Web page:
As we inch closer to the general election (seriously, can democracy survive another month and half of saturation coverage?) a lot of commentators are turning their attention to Scotland.
There are a couple of reasons for this – not least the recent close(ish) referendum result and the increased popularity of the SNP. So there would be a certain logic to starting a series of “regional” blog posts by looking at Scotland. But that kind of logic is wasted on me, so I’m starting with Wales instead.
I’ve looked at parliamentary debates over the last ten years or so, to see whether Welsh MPs (meaning MPs representing constituencies in Wales) talk about different things in parliament to MPs representing the rest of the UK. The analysis that follows is adjusted to take account of differences between parties.
Before we look at what they talk about, let’s take a quick look at how much they talk. Looking at the average number of speeches per MP in each parliament, we find that Welsh MPs talk slightly more (or, more accurately, made slightly more speeches per MP in each parliament) than other MPs – but not enough to be statistically significant. Interestingly, the reverse is true if we look at written questions – again not statistically significant, but Welsh MPs ask slightly fewer written questions on average than other MPs.
So having used statistics to prove nothing at all, let’s return to what they talk about, where things get a bit more interesting.
It will not come as a surprise to anyone who has thought about it for more than a few seconds to learn that Welsh MPs talk a lot about Wales. In fact, around 10% of speeches made by Welsh MPs are in debates that have a specific Welsh subject (think “Welsh Affairs” and “The Commission on Devolution in Wales”).
Which raises a couple of interesting questions. What about debates where no Welsh MPs spoke … and turning that on its head, what about debates where only Welsh MPs spoke?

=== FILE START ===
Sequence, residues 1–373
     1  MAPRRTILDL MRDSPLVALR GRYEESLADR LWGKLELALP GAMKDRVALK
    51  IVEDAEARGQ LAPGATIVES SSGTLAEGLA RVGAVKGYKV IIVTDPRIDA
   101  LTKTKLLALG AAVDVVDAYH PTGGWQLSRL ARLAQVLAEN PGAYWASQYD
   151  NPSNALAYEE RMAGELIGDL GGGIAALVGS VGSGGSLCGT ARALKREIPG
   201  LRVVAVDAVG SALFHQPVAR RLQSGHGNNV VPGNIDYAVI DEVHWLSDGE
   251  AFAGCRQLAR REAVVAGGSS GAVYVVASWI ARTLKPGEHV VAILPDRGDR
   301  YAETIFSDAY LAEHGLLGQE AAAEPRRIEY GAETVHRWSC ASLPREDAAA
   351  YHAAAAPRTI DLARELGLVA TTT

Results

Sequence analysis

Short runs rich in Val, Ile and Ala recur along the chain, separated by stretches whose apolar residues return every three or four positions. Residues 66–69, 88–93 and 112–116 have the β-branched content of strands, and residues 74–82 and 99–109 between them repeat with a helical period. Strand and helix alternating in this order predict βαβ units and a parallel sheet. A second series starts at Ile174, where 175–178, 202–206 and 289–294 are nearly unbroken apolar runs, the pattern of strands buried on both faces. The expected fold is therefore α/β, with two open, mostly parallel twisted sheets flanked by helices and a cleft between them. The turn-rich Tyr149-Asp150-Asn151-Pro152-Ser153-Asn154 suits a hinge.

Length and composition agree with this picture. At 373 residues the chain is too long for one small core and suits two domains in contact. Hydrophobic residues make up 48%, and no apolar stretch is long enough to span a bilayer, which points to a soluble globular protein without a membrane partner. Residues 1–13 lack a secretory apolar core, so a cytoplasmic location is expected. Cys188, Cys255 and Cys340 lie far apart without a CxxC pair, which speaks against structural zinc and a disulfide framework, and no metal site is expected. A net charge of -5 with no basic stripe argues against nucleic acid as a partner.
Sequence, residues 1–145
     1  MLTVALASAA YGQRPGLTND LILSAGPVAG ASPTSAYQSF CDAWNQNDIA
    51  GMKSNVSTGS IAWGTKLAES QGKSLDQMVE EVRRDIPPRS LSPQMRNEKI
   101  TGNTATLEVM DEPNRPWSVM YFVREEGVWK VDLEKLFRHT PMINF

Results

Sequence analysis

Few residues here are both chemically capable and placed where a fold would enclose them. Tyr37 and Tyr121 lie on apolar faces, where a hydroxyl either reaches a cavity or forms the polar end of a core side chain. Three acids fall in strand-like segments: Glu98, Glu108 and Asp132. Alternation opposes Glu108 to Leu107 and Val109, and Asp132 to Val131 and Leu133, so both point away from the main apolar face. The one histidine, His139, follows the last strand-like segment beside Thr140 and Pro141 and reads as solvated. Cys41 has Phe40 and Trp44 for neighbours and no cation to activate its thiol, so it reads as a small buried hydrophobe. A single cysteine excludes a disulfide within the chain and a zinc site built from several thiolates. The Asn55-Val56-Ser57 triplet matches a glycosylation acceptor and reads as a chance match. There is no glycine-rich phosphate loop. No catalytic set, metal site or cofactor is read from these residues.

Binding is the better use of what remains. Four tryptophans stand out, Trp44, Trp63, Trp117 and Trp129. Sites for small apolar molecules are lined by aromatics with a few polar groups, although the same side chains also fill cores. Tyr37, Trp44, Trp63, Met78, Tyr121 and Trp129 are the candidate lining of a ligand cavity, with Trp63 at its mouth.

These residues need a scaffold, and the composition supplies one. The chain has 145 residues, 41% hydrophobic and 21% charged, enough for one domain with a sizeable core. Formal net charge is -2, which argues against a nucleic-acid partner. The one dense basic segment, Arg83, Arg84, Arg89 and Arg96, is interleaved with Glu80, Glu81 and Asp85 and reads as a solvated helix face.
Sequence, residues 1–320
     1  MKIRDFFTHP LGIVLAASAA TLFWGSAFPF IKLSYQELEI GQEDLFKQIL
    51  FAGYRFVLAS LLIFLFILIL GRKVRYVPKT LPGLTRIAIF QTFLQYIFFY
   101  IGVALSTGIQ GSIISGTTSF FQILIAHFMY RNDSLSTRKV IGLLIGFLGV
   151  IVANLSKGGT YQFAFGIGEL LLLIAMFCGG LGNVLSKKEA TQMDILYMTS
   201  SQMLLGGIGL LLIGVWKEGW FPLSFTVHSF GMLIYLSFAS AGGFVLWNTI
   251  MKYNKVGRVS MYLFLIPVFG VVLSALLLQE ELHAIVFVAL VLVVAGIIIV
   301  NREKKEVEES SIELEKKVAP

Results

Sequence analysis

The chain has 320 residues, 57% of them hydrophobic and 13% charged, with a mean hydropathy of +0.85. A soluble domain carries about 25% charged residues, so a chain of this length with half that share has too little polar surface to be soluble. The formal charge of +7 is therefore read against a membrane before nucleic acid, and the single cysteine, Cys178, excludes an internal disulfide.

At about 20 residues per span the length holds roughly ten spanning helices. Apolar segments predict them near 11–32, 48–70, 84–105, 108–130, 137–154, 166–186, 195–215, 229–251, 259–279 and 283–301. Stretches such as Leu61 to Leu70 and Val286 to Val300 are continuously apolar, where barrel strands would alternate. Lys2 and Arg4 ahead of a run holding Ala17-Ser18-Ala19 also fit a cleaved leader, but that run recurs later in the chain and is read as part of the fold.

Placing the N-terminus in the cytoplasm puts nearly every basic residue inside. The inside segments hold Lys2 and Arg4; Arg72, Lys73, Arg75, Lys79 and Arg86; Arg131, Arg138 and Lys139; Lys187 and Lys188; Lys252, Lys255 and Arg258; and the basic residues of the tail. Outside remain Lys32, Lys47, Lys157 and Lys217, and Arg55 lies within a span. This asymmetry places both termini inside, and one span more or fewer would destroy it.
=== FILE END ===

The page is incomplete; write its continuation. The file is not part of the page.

It turns out that Welsh MPs don’t have much interest in London, Canterbury or (more surprisingly) the Scottish Parliament. More controversially, they don’t seem to have much interest in apprenticeships, armed forces pensions or volunteering. But treat this with caution, because each topic really only relates to one debate or series of debates – it doesn’t mean that no Welsh MP has ever talked about volunteering. If you have a particular interest in any of these areas, then please get in touch for a chat about how we can help you with some bespoke analysis.
The list of things that only Welsh MPs talked about is less surprising and the numbers involved are much smaller – mostly we’re talking about adjournment debates here. There is a very clear geographic and demographic pattern, with issues that disproportionately affect Wales featuring heavily, including HMRC offices and miners’ compensation. Muscular Dystrophy makes an appearance because the Welsh government stopped screening for it in 2012, leading to a reinstatement campaign.
Finally, we come to the list of topics that MPs from all over the UK talk about, but Welsh MPs talk about more. I’ve manipulated this list a little – dropping the top 5 items which heavily dominated and were all boringly predictable. What we’re left with is an interesting mix. Cluster munitions, succession to the throne (think about it) and the future of the BBC all feature. A couple of processy issues are also in the list, which will not surprise anyone who read my post about gender, where we discovered that male MPs like to talk about issues of parliamentary process and Wales.
So the bottom line is that if you’re Welsh, you can rest assured that your MPs are doing good work raising things in parliament that affect you. Especially if you’re the Prince of Wales and/or spend a lot of time worrying about cluster munitions.
Did anything in these lists surprise you? Care to offer some insight into the topics? Use the comments section below, or tweet me.